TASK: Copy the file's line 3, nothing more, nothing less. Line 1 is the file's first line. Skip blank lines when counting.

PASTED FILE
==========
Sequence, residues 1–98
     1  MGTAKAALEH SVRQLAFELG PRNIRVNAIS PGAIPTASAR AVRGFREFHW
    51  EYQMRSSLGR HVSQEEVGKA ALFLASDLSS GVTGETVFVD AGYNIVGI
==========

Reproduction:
    51  EYQMRSSLGR HVSQEEVGKA ALFLASDLSS GVTGETVFVD AGYNIVGI